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Redesign of Beetle a gamble for VW
Streamlined look aims to add sales
Question of the Day
The German company on Monday introduced an edgy new design for its signature model, giving it a flatter roof, a less bulbous shape, narrowed windows and a sharp crease along the side. Gone is the built-in flower vase on the dashboard.
It is the first overhaul since 1998, when Volkswagen came up with the New Beetle. VW, which wants to triple its U.S. sales of cars and trucks over the next decade, is betting that the changes will appeal to more buyers, especially men.
But the changes could anger fans, who love the little four-seater for its huggable curves and perky attitude.
“I hope they keep the fun in the car, and all the round angles,” said Howie Lipton, who owns a computer repair business in Hamilton, Ontario, and helps organize an annual New Beetle show in Roswell, N.M.
Mr. Lipton said he was hoping VW would update the spare interior, and his wish has been granted. VW’s lead Beetle project manager for the U.S., Andres Valbuena, said the 2012 model will have a navigation system, a significantly larger trunk, more-luxurious materials and ambient lighting.
“It ties in more with our other products. It’s more upscale,” Mr. Valbuena said. The 2012 Beetle goes on sale this fall. VW won’t yet say how much it will cost.
The design is based not on the New Beetle but on the original Beetle, which was created in Nazi Germany in the 1930s, came to the U.S. after World War II and became a counterculture favorite because of its low cost and distinctive profile.
It was the antithesis of the land yachts being churned out in Detroit, and Baby Boomers loved it.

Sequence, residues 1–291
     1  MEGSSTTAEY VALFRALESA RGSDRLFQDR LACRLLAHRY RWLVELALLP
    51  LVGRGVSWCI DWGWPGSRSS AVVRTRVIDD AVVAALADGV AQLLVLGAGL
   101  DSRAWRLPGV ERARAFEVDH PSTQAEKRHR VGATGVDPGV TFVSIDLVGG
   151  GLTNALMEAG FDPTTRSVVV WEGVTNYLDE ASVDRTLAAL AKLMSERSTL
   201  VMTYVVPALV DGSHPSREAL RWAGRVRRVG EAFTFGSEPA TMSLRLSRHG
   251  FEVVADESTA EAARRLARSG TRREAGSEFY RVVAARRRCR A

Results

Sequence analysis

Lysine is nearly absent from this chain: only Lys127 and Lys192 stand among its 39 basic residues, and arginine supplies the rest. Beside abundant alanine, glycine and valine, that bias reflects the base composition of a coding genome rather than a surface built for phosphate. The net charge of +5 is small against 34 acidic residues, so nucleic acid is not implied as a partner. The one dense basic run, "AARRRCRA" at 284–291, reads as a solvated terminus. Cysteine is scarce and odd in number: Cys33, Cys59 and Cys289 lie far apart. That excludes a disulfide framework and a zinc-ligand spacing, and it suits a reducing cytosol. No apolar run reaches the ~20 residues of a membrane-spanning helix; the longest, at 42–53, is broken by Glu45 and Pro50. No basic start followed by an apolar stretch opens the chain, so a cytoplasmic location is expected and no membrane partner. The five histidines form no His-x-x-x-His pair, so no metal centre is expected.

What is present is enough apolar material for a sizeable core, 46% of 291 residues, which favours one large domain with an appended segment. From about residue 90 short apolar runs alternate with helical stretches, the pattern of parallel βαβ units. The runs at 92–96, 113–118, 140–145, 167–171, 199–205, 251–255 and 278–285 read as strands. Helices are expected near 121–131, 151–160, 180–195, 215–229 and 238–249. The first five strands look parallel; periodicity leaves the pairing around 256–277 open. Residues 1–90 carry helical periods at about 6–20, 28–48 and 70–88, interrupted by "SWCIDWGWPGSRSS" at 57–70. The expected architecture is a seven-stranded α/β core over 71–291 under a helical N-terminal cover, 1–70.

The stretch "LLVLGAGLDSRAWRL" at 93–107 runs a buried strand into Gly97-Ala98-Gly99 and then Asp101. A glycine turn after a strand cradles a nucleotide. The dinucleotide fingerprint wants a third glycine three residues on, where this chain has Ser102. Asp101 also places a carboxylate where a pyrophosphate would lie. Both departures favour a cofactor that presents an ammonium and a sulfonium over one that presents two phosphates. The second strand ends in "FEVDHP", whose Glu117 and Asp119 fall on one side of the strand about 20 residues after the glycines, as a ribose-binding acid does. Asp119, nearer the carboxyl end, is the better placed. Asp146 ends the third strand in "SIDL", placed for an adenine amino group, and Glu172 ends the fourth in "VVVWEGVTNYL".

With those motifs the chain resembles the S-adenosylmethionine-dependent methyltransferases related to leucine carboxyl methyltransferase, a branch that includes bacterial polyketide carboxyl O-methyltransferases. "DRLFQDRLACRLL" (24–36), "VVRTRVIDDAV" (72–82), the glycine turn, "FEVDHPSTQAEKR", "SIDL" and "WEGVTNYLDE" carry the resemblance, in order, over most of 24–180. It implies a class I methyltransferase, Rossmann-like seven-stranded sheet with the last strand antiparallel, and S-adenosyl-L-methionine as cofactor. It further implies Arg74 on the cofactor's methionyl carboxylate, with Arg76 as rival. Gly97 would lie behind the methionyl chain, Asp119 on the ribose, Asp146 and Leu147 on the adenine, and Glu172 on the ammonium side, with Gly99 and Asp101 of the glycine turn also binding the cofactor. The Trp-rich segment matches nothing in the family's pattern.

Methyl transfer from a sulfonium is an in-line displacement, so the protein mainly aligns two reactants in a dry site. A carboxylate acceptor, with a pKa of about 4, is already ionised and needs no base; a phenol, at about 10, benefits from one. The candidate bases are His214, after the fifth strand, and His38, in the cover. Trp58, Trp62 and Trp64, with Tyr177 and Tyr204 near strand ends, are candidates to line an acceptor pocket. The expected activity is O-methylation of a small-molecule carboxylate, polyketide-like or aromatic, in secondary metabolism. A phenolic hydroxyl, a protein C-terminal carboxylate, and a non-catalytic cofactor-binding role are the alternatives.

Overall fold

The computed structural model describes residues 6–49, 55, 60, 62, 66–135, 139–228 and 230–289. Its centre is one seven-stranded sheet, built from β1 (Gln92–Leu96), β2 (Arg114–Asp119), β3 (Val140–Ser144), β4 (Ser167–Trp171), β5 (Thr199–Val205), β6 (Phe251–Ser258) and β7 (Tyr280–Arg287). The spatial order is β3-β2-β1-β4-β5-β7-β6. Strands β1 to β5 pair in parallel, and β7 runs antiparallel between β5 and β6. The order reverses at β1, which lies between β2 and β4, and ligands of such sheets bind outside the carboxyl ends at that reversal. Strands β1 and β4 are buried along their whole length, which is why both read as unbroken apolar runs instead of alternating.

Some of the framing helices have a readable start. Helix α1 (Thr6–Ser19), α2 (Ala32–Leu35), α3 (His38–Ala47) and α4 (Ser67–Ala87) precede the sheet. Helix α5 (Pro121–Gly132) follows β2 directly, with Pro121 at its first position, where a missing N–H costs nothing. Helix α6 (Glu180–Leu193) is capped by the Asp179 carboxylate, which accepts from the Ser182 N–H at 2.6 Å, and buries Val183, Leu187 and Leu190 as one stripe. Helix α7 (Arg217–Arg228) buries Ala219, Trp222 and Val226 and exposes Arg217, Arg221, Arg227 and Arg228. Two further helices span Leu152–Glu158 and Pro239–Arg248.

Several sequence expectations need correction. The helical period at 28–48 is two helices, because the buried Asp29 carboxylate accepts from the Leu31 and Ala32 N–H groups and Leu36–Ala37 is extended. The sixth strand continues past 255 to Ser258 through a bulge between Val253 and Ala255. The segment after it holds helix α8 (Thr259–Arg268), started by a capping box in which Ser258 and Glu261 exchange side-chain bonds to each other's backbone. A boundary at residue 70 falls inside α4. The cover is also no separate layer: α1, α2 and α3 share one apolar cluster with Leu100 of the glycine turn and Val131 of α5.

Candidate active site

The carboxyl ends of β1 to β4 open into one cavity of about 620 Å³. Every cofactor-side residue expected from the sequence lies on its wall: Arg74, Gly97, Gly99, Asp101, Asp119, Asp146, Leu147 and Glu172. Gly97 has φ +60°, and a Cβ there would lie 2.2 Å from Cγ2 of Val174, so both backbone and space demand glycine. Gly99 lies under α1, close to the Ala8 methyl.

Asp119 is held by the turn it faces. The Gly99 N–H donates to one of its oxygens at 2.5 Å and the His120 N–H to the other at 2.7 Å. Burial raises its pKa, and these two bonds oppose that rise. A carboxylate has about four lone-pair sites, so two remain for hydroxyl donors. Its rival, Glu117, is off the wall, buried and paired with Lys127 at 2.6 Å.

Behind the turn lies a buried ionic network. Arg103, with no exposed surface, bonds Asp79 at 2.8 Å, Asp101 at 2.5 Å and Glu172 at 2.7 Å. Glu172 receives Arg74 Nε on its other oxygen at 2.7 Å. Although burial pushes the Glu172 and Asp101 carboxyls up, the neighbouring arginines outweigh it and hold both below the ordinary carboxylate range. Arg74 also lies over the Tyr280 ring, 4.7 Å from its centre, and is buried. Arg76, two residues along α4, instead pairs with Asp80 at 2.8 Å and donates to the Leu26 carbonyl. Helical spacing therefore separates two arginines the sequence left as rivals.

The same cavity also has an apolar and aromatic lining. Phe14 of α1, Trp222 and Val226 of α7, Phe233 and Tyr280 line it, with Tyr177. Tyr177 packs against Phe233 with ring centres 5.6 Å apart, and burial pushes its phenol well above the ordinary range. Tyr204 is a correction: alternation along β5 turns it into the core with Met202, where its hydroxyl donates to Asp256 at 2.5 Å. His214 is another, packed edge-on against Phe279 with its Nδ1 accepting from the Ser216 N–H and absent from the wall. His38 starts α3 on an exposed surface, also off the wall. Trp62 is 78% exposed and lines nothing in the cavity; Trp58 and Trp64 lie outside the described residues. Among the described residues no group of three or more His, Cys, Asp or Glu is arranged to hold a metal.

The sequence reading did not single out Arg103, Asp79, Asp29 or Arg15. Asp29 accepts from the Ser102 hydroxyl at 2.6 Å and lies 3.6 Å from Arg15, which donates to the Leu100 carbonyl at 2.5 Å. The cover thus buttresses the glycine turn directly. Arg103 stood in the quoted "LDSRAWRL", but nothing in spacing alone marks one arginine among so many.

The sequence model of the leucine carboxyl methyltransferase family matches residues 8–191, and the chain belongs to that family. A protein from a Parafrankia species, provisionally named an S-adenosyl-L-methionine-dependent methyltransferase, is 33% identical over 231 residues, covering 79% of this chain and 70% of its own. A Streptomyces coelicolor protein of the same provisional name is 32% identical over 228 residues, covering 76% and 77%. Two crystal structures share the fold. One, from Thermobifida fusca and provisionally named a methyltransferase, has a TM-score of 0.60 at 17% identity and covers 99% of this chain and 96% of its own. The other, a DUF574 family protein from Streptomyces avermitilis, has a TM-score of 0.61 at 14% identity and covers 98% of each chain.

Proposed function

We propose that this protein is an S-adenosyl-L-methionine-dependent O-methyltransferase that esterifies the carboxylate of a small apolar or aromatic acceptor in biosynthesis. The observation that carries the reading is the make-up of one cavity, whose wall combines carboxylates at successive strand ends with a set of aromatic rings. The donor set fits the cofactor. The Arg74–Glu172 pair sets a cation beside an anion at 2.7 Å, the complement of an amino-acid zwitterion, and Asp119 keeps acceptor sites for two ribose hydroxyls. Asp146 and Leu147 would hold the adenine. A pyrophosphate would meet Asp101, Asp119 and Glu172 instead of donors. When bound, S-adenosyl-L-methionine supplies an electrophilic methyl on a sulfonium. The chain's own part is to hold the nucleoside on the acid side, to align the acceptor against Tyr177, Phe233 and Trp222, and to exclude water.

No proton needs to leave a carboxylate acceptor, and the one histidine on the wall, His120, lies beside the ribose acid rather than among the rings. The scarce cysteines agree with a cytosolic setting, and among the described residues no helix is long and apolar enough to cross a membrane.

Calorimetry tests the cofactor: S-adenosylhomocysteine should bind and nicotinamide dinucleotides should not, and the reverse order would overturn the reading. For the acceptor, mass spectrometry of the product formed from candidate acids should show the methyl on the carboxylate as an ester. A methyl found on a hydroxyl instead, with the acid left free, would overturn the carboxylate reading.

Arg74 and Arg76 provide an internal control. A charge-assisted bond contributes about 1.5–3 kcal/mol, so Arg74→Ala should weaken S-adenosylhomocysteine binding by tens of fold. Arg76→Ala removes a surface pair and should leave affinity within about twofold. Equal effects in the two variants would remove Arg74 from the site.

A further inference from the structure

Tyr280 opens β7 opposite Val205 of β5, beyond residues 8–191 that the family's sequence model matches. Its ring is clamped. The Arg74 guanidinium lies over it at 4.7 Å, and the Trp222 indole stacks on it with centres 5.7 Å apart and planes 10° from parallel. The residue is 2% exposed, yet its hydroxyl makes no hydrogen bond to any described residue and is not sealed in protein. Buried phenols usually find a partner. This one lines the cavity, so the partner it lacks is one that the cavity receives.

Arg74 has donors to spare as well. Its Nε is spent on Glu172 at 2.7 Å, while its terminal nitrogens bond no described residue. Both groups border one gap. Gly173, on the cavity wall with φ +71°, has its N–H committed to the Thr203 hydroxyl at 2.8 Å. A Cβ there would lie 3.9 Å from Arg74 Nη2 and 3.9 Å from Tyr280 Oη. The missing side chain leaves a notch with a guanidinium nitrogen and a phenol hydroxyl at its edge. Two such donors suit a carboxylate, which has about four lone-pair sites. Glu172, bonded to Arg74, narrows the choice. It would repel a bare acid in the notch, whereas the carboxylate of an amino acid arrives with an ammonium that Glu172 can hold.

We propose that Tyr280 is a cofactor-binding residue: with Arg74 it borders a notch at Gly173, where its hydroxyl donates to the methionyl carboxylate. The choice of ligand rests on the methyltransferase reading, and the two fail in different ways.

But sales slowed as VW faced tough competition in the small-car segment from Japanese and U.S. automakers and money problems back in Germany. U.S. sales of the original Beetle peaked at 200,000 in 1962 and VW stopped selling the car in the U.S. in 1979.
In 1998, the company introduced the New Beetle, an overhaul of the original that became a huge hit. Buyers swooned over its cute, rounded styling. For a time, the Beetle was outselling such stalwarts as the Ford Focus and Chevrolet Impala. When a convertible version was released in 2003, U.S. sales rose to almost 93,000.
It will be difficult for VW designers to capture that emotion and still make the car look current, outside analysts say, especially because it hasn’t been that long since the 1998 redesign.
“Every car manufacturer faces this when they do a facelift, but in the case of the Beetle, you’ve got something people feel fairly strongly about,” said Larry Erickson, who helped lead a much-praised redesign of the Ford Mustang six years ago and now teaches automotive design in Detroit. “It has a certain personality to it, an endearing quality.”
In addition to an upgraded, 170-horsepower, 2.5-liter gas engine, the new Beetle will offer a sportier, 200-horsepower, turbocharged gas engine — Volkswagen hopes it will appeal to male buyers — and a fuel-efficient diesel version.
VW will depend on high-volume sellers such as its Jetta and Passat sedans to meet its ambitious sales goals, which call for selling 1 million vehicles in the U.S. and 10 million worldwide by 2018.
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